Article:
This blog post is a follow-up to the January 25, 2022 webinar co-hosted by the Trust-Based Philanthropy Project and the Center for Evaluation Innovation and was first published as a resource on the Center for Evaluation Innovation website and on the Trust-Based Philanthropy Project blog. Watch the webinar recording here, and stay tuned for additional resources to support a trust-based approach to learning and evaluation.
In January 2022, more than 500 people across philanthropy joined us for a webinar exploring the question, “What does a more equitable and trust-based approach to learning and evaluation look like?” While we were blown away by the overwhelming level of interest, this also affirmed something we were hearing from more and more funders: philanthropy’s approach to learning and evaluation must change.
Industry standard, funder-driven evaluation tends to take a top-down, extractive approach to gathering and analyzing data, focusing on quantitative metrics and project-specific, short-term outcomes. In this context, measuring impact in a narrowly defined, time-delimited way is what matters. Learning is limited to what is readily available to be discreetly measured.
This approach often accompanies well-intentioned strategic philanthropy, where funders define the challenge and name parameters for desired solutions. In this approach, funders only see a small piece of the puzzle. In doing so, they miss the opportunity to understand and therefore better support the full picture of change organizations and communities are working toward, and the obstacles they face in getting there.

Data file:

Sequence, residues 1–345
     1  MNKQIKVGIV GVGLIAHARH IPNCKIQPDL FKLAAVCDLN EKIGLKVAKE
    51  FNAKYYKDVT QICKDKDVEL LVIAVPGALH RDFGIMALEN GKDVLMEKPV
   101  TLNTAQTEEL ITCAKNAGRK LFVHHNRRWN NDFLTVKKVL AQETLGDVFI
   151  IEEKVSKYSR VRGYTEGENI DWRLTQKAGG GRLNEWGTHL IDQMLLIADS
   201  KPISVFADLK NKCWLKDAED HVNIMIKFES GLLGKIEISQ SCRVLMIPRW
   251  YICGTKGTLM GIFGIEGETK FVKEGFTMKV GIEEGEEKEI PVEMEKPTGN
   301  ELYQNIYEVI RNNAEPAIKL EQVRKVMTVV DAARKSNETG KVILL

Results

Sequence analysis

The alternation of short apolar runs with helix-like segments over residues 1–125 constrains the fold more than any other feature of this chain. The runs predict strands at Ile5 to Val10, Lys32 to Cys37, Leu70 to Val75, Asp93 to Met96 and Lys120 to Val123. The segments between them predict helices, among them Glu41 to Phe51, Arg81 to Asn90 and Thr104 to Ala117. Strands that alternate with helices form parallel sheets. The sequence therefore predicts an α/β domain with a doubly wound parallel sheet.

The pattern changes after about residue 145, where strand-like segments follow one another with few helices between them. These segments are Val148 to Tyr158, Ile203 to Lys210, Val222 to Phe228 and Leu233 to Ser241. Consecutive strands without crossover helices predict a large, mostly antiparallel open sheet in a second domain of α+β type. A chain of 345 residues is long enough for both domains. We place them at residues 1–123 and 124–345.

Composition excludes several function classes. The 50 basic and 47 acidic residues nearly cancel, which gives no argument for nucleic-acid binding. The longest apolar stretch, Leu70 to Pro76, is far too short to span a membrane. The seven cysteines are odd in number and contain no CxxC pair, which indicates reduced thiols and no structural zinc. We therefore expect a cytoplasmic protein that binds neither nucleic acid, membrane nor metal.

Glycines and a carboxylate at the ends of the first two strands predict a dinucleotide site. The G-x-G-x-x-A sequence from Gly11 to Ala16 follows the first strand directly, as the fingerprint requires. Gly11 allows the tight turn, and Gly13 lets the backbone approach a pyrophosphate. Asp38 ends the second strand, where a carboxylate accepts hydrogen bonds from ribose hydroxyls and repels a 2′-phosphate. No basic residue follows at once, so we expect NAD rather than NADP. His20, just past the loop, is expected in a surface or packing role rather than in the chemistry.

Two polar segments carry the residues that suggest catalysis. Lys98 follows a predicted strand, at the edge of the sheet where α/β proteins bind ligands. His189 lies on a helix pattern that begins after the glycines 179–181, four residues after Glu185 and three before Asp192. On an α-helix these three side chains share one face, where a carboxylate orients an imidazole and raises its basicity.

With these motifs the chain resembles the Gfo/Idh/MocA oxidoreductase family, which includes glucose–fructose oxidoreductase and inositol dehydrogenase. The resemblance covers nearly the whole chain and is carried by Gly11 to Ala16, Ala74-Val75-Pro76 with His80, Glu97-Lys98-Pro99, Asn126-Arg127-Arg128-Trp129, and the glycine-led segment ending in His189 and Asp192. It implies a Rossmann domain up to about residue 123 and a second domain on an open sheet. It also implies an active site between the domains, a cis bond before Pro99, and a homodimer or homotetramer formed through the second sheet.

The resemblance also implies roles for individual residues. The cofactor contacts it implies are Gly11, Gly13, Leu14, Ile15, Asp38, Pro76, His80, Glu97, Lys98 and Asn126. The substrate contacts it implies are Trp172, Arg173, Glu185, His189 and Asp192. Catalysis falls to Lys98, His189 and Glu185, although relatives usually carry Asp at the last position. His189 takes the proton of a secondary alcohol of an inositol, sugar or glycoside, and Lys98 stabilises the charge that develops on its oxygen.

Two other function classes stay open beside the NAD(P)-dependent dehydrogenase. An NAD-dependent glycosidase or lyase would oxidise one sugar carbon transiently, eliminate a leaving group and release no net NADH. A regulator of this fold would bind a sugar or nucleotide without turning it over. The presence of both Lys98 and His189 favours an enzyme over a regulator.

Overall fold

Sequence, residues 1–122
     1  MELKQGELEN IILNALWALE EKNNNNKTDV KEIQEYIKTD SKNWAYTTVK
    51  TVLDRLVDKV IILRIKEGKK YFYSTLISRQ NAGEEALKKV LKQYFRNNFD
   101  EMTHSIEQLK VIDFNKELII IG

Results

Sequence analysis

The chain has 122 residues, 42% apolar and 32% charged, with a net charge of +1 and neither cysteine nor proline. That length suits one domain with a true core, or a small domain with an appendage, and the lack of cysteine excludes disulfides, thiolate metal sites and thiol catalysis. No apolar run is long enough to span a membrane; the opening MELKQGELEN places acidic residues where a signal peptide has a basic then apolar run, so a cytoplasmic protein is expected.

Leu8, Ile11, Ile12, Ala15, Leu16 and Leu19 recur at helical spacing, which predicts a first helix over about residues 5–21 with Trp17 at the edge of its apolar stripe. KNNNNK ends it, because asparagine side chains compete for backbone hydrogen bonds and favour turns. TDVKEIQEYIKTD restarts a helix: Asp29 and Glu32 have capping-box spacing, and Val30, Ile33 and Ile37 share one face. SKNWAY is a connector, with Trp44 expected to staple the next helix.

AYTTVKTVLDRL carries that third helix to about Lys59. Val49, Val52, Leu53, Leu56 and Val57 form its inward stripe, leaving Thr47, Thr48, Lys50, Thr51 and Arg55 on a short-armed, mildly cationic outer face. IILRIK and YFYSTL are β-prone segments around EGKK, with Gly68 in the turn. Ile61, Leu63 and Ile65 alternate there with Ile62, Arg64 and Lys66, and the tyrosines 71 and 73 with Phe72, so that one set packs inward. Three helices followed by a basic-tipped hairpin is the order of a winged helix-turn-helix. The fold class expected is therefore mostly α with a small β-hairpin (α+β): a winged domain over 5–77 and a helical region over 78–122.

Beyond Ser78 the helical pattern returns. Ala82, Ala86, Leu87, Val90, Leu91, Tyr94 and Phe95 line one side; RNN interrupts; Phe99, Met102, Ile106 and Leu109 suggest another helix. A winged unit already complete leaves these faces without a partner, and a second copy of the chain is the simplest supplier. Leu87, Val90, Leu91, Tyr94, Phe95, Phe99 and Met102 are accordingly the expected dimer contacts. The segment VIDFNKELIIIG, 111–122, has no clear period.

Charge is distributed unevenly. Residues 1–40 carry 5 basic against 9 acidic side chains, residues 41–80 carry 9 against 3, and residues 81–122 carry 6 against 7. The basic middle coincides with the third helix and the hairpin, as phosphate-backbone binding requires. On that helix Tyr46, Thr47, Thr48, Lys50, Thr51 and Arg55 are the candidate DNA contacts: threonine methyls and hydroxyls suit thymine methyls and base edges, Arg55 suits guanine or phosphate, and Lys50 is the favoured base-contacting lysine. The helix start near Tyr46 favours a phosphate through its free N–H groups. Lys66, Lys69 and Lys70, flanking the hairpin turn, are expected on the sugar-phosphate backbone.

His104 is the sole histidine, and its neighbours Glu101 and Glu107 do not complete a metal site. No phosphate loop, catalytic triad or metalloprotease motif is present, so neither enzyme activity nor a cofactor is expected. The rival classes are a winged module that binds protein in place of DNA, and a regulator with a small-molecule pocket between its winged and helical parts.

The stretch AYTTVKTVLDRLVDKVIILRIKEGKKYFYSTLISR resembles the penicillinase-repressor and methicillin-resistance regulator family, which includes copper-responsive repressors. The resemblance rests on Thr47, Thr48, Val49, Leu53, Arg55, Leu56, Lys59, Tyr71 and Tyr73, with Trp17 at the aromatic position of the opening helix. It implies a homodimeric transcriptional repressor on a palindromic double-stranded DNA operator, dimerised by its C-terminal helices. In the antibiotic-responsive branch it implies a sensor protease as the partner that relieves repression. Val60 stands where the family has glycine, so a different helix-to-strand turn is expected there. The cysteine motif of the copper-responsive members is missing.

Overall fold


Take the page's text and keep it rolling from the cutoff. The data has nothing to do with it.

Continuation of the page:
What if we reimagined evaluation as an opportunity for funders to learn and evolve as stewards, rather than taking on the narrow – and virtually impossible – task of proving that limited grants make a measurable impact on longstanding, complex social issues?
When learning and evaluation takes on a more expansive view, it invites adaptability, complexity, and long-term thinking about what moving to equitable institutions and systems requires. We can find our way to liberatory practices, those that allow for space to learn and be curious with grantee partners about what it’s going to really take to make progress on key issues. Funders can learn with, not simply from, their grantee partners.
A sector-wide practice around how to do this trust-based approach to learning and evaluation has begun to emerge. There are three learning areas that anchor this emergent work (download the one-page PDF to get a summary of all three):
1. Learning for Accountability.
This learning frame is focused on the aspect of work where funders have the most control: how they show up in their grantee relationships. This frame answers the question, “How (well) are we living our values?” and helps hold funders accountable to their grantee partners and one another. Learning for accountability helps funders understand their work as a partnership, examining the return on relationship (ROR) rather than return on investment (ROI). It is an ongoing exercise practiced in formal and informal ways, including these possible steps funders can take:
- Conduct an anonymous survey with grantee partners to assess if they feel trusted, and whether or not they are getting the support they need from you as a funder (i.e., solicit and act on feedback).
- Record Zoom meetings with grantee partners and invite a learning evaluation partner to listen for evidence of trust, accountability, humility, curiosity, and related aspects of a trust-based ethos.
- Invite grantees to give anonymous feedback on GrantAdvisor.org